After alleviating the confusion created by Missouri's adoption of comparative fault and the applicability of the doctrine of "assumption of the risk," the Supreme Court took to addressing the wild hotdog that injured Plaintiff. The Court framed the issue as follows:

if Coomer was injured by a risk that is an inherent part of watching the Royals play baseball, the team had no duty to protect him and cannot be liable for his injures. But if Coomer's injuries resulted from a risk that is not an inherent part of watching baseball in person—or if the negligence of the Royals altered or increased one of these inherent risks and caused Coomer's injury—the jury is entitled to hold the Royals liable for such negligence and, to the extent the reasonableness of Coomer's actions are in dispute, the jury must apportion fault between the parties using comparative fault principles.

To the satisfaction of Missouri baseball spectators, the Missouri Supreme Court held that, as a matter of law, being injured by a hotdog is not a risk inherent in watching a baseball game, in that the risk can be increased, decreased or eliminated altogether with no impact on the game or the spectators' enjoyment of the game. Hence, the risks associated with hotdog launching are not inherent in attending a baseball game. Accordingly, it was error for the trial court to instruct the jury on "primary assumption of the risk" as it is not an affirmative defense or a jury question.

However, while the risk of being pegged with a hotdog at a baseball game is not an inherent risk, being injured by a flying hotdog at a baseball game may, nevertheless, be the fault of the injured party's unreasonableness. Here, the Supreme Court found that the trial court correctly instructed the jury on comparative fault because there was sufficient evidence for the jury to conclude that Plaintiff acted unreasonably. Specifically, the Supreme Court noted that Plaintiff watched Sluggerrr wind-up in preparation of throwing the hotdog, and at that precise moment Plaintiff "let his gaze—and attention—wander elsewhere." Therefore, the jury could conclude Plaintiff's failure to keep a "careful lookout" for flying hotdogs was sufficient to assess, at least, some fault to Plaintiff.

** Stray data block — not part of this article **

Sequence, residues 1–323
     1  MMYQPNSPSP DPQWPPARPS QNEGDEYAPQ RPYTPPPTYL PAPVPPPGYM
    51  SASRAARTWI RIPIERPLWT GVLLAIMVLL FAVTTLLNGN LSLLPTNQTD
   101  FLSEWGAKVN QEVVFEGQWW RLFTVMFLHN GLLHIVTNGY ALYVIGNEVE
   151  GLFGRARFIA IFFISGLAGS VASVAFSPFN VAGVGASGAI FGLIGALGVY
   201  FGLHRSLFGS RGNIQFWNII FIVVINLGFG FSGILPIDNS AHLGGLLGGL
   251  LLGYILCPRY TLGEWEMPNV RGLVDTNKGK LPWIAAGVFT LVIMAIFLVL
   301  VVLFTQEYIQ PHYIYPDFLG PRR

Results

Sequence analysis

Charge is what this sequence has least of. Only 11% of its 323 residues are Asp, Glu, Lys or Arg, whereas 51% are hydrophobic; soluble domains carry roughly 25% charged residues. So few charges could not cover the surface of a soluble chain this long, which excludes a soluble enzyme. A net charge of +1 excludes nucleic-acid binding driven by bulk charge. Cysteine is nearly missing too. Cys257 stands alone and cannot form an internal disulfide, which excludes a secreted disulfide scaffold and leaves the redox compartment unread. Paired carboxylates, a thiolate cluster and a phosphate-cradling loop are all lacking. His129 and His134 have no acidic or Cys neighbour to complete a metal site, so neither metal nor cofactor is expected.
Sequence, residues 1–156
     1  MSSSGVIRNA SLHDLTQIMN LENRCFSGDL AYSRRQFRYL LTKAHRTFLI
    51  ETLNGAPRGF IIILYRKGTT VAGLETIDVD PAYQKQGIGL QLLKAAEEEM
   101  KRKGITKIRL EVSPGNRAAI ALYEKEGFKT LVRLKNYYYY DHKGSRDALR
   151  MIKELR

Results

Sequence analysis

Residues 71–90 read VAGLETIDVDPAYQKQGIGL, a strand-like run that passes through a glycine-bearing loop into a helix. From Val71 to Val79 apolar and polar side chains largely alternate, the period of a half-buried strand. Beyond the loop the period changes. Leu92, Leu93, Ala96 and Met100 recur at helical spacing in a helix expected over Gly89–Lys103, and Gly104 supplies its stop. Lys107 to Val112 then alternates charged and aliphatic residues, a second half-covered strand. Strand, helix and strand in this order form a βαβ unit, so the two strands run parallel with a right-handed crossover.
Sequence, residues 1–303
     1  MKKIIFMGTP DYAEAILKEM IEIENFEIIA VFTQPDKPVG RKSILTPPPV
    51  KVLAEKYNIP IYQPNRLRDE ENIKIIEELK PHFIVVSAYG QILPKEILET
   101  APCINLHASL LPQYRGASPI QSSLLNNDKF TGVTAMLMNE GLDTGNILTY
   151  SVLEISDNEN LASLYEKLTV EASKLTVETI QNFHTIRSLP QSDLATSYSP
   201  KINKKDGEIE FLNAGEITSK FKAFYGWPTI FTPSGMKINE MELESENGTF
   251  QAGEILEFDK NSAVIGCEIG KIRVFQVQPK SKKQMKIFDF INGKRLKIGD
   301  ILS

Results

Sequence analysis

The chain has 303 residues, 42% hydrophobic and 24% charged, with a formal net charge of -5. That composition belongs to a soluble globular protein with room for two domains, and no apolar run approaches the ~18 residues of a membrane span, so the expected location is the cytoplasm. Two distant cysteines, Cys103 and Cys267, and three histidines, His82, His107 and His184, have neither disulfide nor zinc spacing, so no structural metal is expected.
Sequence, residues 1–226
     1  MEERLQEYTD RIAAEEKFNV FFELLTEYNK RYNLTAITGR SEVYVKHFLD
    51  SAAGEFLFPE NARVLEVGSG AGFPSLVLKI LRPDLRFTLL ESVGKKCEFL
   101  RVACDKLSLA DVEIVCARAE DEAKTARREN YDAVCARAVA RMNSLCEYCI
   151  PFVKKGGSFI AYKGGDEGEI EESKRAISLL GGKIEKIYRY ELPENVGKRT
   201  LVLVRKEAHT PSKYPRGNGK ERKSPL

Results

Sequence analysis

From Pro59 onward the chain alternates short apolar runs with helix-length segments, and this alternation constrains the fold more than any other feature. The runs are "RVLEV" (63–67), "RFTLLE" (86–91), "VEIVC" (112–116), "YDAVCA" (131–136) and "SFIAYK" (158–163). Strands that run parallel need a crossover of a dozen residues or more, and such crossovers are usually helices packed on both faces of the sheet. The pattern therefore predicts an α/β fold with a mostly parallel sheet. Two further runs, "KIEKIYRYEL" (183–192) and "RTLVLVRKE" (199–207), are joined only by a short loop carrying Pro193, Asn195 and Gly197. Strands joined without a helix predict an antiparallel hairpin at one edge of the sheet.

Ostensibly, the Supreme Court killed and revived the doctrine of "implied secondary assumption of the risk" all in the same opinion. While the terminology "implied secondary assumption of the risk" does not survive the adoption of a comparative fault system, the implications are fully alive.

Missouri baseball fans beware: the risk of hotdog throwing at a baseball game is not an inherent risk of watching a baseball game, but if you do not keep a "careful lookout" for flying hotdogs, the jury can still find you liable for your own doggone injuries caused by unruly hotdogs. And that would be the wurst.